I am new to The Forge but I have been a big fan of the FATE rpg since it came out.  I don't know if you are familiar with the game but the idea's on customised challenge ladders in the main rules and using Aspects to model all kinds of different organisations in the "Constructing Organisations in Fate" document would suit GM less play on several different scales quite well I think.  Something similar with resource tracks or modifiers for differing spheres of influence might work.

Just some musings, I hope they may be of use.

Regards

Jason

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Jason Morningstar
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« Reply #4 on: March 03, 2006, 06:04:32 AM »

Hi Joćo,

There's a strong gamist vibe to (GM-less) The Shab-al-Hiri Roach that all comes from competing for resources, which you can gamble, take away from other players, and win yourself.  There is an explicit win condition and the game has a clearly defined end.  I think if these features are in place, you can't help but have some Stepping On Up.  In the Roach it is all a polite fiction, since there's a deterministic element completely out of the player's control, but in play people tend to fight fiercely anyway.  I think that is worth noting. 

I also think granting people privilege is cool - look at Polaris for an example of rotating authority around the table. 
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TonyLB
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« Reply #5 on: March 03, 2006, 06:57:28 AM »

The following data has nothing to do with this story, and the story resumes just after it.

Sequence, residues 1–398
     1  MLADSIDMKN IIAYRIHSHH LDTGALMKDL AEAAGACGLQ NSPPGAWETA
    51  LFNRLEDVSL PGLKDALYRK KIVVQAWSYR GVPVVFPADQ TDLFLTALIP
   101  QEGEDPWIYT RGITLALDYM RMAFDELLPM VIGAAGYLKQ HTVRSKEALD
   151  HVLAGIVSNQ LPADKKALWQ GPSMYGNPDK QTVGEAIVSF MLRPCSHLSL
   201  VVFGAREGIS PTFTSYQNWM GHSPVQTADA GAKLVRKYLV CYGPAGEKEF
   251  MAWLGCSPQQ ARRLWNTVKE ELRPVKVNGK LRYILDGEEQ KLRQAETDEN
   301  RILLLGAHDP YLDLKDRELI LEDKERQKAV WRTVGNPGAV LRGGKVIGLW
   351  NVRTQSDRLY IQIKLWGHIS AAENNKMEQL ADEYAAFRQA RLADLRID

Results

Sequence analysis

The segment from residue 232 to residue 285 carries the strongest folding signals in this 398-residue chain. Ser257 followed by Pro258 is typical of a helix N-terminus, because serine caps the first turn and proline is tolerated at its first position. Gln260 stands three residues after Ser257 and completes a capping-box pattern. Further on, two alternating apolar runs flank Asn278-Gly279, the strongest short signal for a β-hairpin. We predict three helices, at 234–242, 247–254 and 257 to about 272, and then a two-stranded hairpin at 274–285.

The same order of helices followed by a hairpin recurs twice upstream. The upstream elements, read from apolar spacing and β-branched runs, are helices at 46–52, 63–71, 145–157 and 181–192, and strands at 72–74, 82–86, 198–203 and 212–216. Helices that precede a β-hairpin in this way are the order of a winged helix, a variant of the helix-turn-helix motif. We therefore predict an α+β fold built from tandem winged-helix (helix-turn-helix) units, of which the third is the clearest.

Quick question:  What sort of rewards can you give players for challenging another player?

The GM does it without a reward, because we're trained that that GM is supposed to be a selfless servant of the game (which is BS, but that's a topic for another day) but the players aren't going to do it without being bribed.
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JMendes
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« Reply #6 on: March 04, 2006, 04:13:37 AM »

Hey, :)

the players aren't going to do it without being bribed.
Well, if it's in the rules that they have to, I think they will. ;) But yes, your point is well taken. Right now, all I can offer is "I don't know". Your key question is well worth keeping in mind, as it will probably be one of the main decision factors on whether this thing goes GMless or not.

Jason, (the first one), your pointer towards constructing organisations in FATE was helpful. Just in reading through it in thirty seconds or so, I got a bunch of ideas up and bubbling in my head. Coolness. Thanks for the tip. :)

Jason, (the second one), I'm not at all familiar with the Roach, though I understand it's generating a fair amount of grapevine vibe. :) However, Project Senate is specifically aiming at not having an endgame and win conditions, so that really doesn't anything for me. I was also going for minimizing PC-vs-PC conflict.

Your second point about privilege and rotating authority is more in line with what I was envisioning, however. Again, I'm also not familiar with Polaris, but from what I understand of it, it wasn't so much designed with Gamism in mind. (Ben, if you're reading this, correct me if I'm wrong.)

Which begs the question: how do you envision privilege and rotating authority in non-competitive gamism?

Cheers,
J.